Cellulase yields of 250 to 430 IU/g of cellulose were recorded in a new approach to solid-state fermentation of wheat straw with Trichoderma reesei QMY-1. This is an increase of ca. 72% compared with the yields (160 to 250 IU/g of cellulose) in liquid-state fermentation reported in the literature. High cellulase activity (16 to 17 IU/ml) per unit volume of enzyme broth and high yields of cellulases were attributed to the growth of T. reesei on a hemicellulose fraction during its first phase and then on a cellulose fraction of wheat straw during its later phase for cellulase production, as well as to the close contact of hyphae with the substrate in solid-state fermentation. The cellulase system obtained by the solid-state fermentation of wheat straw contained cellulases (17.2 IU/ml), β-glucosidase (21.2 IU/ml), and xylanases (540 IU/ml). This cellulase system was capable of hydrolyzing 78 to 90% of delignified wheat straw (10% concentration) in 96 h, without the addition of complementary enzymes, β-glucosidase, and xylanases. PMID:16346697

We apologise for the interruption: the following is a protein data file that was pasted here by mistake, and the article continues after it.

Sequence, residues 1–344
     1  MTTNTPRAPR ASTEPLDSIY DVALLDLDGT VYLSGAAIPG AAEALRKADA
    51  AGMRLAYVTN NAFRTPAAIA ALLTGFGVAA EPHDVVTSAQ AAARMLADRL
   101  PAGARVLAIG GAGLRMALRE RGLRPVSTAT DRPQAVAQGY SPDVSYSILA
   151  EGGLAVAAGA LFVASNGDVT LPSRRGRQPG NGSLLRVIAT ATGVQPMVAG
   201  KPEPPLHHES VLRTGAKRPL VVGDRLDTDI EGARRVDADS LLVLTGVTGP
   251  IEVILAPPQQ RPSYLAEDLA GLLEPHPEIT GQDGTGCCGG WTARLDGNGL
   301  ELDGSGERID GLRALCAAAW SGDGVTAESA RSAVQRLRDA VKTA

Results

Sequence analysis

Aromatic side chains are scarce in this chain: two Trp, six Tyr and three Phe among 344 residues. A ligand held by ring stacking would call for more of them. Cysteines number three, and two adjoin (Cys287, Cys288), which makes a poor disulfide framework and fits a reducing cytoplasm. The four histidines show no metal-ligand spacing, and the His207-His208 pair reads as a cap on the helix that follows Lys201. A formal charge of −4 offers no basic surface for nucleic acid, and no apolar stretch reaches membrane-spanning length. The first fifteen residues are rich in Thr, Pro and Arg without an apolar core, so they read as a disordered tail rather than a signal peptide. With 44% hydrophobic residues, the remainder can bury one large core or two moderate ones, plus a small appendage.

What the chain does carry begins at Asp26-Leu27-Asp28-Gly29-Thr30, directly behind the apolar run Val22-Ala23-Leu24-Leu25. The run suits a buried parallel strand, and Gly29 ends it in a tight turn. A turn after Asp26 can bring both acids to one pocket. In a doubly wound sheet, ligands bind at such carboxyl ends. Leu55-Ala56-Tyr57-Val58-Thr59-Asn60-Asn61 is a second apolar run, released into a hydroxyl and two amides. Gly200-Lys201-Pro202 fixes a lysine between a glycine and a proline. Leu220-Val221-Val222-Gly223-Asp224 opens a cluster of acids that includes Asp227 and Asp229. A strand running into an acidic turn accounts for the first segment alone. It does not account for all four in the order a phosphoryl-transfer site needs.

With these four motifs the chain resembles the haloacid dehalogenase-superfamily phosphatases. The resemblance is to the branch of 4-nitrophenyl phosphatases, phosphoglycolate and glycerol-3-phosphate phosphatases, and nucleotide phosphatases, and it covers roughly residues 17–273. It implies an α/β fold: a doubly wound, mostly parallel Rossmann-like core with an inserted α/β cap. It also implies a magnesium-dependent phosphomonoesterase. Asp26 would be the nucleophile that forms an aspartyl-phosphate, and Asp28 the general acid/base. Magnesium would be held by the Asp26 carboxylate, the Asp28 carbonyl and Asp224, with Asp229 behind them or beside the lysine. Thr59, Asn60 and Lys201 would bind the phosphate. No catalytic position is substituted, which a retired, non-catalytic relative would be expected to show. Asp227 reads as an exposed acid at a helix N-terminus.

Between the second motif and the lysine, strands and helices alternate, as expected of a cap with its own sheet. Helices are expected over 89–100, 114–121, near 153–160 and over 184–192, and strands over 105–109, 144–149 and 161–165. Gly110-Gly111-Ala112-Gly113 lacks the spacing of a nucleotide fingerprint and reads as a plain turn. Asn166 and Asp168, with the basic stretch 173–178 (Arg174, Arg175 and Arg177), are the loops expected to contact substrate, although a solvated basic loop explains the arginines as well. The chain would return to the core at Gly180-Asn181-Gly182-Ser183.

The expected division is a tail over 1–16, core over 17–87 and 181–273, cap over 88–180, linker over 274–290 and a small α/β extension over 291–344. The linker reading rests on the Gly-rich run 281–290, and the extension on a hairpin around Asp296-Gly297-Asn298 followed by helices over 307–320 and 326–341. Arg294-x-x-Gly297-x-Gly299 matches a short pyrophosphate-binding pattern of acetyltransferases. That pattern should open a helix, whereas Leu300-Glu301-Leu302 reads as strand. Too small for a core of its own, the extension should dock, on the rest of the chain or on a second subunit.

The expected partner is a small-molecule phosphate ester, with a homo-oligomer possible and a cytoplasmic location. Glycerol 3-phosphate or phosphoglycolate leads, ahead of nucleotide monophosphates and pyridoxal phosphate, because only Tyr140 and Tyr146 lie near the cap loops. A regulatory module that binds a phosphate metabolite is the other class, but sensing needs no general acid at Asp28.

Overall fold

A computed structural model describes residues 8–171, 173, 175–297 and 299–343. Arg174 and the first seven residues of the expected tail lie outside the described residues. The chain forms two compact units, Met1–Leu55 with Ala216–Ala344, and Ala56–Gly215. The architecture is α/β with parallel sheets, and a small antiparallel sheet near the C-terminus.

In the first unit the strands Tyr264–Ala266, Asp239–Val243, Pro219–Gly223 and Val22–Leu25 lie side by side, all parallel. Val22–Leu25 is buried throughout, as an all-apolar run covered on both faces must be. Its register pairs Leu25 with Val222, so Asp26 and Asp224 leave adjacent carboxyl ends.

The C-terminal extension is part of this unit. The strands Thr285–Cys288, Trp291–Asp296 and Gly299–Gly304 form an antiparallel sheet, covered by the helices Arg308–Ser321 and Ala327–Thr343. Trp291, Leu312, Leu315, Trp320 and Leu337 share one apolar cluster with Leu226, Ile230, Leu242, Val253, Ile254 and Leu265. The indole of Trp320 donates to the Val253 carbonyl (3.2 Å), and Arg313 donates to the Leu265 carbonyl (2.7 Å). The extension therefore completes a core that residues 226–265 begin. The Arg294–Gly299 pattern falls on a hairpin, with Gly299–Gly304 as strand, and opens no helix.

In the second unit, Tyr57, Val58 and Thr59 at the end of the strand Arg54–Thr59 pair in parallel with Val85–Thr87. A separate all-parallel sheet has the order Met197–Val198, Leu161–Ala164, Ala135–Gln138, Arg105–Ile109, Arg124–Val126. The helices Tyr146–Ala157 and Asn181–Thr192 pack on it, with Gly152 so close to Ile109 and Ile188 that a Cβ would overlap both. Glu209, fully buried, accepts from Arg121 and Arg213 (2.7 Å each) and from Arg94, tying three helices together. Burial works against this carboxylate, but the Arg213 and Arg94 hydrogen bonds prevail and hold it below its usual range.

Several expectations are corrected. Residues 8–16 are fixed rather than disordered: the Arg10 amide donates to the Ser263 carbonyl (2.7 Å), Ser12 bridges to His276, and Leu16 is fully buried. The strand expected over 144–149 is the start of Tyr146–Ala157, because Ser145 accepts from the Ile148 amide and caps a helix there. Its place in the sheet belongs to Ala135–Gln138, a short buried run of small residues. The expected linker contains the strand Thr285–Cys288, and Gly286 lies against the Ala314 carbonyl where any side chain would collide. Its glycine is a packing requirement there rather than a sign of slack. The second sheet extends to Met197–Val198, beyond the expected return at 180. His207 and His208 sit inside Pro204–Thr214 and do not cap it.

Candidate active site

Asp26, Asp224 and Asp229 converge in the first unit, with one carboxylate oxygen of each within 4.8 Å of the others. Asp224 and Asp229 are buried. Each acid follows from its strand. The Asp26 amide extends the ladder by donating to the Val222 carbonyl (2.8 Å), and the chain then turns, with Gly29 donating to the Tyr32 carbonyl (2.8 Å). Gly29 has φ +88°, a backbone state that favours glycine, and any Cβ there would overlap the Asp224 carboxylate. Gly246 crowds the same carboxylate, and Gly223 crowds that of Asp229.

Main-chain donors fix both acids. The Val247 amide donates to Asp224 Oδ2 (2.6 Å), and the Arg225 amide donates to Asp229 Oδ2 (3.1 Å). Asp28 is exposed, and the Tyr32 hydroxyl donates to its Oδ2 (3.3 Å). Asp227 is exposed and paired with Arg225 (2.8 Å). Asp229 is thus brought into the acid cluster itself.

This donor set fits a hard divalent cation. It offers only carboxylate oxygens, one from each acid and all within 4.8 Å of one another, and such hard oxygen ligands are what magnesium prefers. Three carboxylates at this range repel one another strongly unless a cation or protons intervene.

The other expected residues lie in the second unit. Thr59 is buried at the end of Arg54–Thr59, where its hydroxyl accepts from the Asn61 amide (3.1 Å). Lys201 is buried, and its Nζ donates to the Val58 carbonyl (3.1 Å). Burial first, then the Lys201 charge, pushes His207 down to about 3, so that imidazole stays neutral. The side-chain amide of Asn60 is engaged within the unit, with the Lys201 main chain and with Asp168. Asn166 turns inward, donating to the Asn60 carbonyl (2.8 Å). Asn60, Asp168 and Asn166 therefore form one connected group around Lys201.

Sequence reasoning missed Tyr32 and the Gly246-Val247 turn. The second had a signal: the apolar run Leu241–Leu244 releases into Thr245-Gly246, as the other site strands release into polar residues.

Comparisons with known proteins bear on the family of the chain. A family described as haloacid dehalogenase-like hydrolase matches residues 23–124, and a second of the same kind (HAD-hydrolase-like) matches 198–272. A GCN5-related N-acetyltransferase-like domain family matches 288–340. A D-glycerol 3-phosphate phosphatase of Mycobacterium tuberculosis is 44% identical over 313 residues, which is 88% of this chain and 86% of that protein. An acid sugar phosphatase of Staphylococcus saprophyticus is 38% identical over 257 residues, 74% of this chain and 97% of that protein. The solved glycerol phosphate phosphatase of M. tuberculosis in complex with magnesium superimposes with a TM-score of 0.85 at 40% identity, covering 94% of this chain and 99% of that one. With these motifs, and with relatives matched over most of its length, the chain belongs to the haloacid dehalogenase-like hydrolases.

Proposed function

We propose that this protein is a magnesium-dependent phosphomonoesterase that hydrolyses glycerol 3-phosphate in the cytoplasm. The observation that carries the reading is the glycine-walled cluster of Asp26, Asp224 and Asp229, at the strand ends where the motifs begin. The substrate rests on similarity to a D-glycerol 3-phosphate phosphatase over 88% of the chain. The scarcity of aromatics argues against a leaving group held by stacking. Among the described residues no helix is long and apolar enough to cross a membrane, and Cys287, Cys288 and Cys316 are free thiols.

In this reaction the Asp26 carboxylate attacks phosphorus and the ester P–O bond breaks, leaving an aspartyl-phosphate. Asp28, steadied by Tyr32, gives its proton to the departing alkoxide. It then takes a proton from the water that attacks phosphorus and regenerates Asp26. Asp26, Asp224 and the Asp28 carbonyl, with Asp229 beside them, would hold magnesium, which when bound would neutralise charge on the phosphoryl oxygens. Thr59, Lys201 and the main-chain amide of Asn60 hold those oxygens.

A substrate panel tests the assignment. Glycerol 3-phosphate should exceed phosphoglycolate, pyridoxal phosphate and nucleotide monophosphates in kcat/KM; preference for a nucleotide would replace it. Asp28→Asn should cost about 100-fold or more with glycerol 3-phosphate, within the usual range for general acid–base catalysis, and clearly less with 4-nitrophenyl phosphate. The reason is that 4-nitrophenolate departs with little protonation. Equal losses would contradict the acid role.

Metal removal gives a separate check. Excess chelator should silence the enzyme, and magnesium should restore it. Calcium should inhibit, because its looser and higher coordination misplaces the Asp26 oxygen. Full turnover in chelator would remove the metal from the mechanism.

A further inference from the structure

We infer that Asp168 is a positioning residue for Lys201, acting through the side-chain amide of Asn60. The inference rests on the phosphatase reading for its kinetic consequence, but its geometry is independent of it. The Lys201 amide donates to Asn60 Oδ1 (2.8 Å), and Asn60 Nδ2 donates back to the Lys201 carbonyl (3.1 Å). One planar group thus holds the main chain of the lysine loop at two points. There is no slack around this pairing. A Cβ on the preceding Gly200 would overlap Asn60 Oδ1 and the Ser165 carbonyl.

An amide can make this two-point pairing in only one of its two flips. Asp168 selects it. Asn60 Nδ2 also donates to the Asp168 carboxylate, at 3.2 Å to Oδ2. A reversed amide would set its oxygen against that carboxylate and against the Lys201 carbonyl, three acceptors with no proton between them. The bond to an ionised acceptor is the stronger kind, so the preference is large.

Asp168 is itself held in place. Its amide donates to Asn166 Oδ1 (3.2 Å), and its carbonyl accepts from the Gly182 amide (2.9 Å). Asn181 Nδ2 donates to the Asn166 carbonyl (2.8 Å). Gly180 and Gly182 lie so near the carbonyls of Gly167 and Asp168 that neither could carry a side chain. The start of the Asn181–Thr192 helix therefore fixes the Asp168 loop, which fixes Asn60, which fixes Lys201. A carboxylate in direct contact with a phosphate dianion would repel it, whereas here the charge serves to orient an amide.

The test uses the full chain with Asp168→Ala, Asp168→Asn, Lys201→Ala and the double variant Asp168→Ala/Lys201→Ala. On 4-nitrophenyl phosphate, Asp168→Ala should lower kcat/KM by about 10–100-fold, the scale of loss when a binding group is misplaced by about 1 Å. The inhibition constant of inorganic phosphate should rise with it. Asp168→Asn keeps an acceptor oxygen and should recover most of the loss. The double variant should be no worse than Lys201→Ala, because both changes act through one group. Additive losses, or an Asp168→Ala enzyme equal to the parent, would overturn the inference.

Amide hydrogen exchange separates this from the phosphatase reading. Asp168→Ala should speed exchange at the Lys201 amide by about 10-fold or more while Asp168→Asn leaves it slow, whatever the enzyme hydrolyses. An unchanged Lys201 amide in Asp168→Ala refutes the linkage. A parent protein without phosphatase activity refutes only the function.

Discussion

6. 21 CFR 573.450 - Fermented ammoniated condensed whey.

    Code of Federal Regulations, 2014 CFR

    2014-04-01

    ...) Specifications. The product contains 35 to 55 percent crude protein and not more than 42 percent equivalent crude protein from nonprotein nitrogen sources. (c) Uses. The product is used as a source of protein and... use of fermented ammoniated condensed whey and equivalent crude protein from all other added forms...

  7. Colonic Fermentation: A Neglected Topic in Human Physiology Education

    ERIC Educational Resources Information Center

    Valeur, Jorgen; Berstad, Arnold